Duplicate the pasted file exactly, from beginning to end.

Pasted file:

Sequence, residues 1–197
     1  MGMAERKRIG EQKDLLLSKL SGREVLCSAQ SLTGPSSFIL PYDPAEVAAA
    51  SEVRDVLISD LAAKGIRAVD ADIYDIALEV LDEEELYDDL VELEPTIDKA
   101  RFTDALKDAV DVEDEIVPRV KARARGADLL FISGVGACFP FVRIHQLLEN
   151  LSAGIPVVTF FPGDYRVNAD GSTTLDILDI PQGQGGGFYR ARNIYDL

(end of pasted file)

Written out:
Sequence, residues 1–197
     1  MGMAERKRIG EQKDLLLSKL SGREVLCSAQ SLTGPSSFIL PYDPAEVAAA
    51  SEVRDVLISD LAAKGIRAVD ADIYDIALEV LDEEELYDDL VELEPTIDKA
   101  RFTDALKDAV DVEDEIVPRV KARARGADLL FISGVGACFP FVRIHQLLEN
   151  LSAGIPVVTF FPGDYRVNAD GSTTLDILDI PQGQGGGFYR ARNIYDL